That can be pretty demoralising, the ones you get wrong always feel a bit painful. When you hit this, don’t dwell on it. Look instead to what you’ve learnt, try again with that new information and keep building momentum.

Put in the effort and time, and you can become an overnight success.

Categories
Coaching Leadership

What’s Number 1?

You can only have one top priority.

There’s always lots of important things going on, there’s always a lot of demands on your time and there will always be more than you are able to do.

So, you’ve got to be really clear on what is the top priority at any given time.

The advice is particularly valuable if you work in a team with lots of different stakeholders, or even just one who’s very demanding. As much at they might want to have 5 top priority “must do” items, there is actually a list in order from 1 to 5.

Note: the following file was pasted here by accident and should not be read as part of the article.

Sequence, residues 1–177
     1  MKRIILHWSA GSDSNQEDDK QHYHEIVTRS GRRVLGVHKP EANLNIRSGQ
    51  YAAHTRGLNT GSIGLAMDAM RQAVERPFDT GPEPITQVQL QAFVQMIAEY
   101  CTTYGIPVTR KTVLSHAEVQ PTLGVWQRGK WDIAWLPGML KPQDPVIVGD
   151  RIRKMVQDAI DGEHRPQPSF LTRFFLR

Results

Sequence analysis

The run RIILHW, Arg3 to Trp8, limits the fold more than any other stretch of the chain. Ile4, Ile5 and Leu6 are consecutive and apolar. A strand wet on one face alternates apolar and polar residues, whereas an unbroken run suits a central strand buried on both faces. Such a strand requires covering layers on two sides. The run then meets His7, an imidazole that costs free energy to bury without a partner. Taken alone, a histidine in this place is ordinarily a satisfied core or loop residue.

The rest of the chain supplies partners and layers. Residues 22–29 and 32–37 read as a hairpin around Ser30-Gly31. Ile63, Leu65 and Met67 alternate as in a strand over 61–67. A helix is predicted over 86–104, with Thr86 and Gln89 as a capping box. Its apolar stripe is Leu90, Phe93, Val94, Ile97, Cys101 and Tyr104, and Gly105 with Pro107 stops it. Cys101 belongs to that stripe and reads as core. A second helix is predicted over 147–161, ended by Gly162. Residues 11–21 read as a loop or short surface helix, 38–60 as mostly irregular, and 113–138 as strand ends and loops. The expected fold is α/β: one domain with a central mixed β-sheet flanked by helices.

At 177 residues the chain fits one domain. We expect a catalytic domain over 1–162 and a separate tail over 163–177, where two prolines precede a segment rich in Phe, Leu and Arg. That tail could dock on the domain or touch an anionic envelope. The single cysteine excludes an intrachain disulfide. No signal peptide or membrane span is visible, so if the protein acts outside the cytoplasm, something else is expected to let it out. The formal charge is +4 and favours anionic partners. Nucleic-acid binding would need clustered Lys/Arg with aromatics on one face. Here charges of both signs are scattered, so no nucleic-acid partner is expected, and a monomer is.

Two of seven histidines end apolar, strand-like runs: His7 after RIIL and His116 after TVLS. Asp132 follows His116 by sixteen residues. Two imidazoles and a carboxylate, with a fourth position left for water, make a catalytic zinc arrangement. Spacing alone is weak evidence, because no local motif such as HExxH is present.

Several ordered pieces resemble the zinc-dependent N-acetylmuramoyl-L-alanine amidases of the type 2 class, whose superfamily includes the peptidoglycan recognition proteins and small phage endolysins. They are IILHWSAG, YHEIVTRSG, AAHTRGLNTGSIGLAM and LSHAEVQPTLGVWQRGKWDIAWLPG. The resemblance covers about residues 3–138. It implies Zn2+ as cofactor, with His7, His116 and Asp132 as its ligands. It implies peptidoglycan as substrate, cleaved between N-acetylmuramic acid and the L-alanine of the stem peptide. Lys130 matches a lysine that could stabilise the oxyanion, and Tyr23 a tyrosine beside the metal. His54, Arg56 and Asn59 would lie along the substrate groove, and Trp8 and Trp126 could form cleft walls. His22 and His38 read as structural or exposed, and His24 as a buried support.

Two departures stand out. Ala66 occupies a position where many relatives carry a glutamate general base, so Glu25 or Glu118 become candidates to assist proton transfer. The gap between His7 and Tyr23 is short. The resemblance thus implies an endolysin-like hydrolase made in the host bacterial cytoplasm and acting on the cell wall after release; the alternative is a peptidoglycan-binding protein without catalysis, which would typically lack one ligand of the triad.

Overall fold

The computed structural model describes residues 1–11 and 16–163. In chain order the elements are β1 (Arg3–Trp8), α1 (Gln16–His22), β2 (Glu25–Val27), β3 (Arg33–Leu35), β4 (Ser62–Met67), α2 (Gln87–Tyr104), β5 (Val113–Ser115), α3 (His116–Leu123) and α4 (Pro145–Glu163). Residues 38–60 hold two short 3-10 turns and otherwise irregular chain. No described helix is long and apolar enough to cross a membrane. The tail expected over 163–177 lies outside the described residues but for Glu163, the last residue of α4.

As a leader, one of the major strands of your role is teasing out that ordering. You need to manage the list and set expectations across stakeholders. You want to be pointing your team at item number 1, especially if it’s “important but not urgent”.

A physical list of priority items is a powerful tool. When a stakeholder requests a change, or shares more about the value of an item lower down the list, then you can show them the impact of moving something up, and how it moves other things down.

This approach is particularly valuable as you gain active engagement from the stakeholder. They aren’t able to assume you are working on both the old and new number 1 priorities in parallel. The physical list allows you to document the change, so you’ve covered the case of any accidental misalignment as well.

With a single number 1 priority, you’re then able to focus effort towards the top most important thing, and ensuring that if anything doesn’t get done then it’s less important than what does get completed.

Don’t lose focus, show your working and make sure there’s only one number 1.

Categories
Coaching Leadership

Recognising the Craft of Others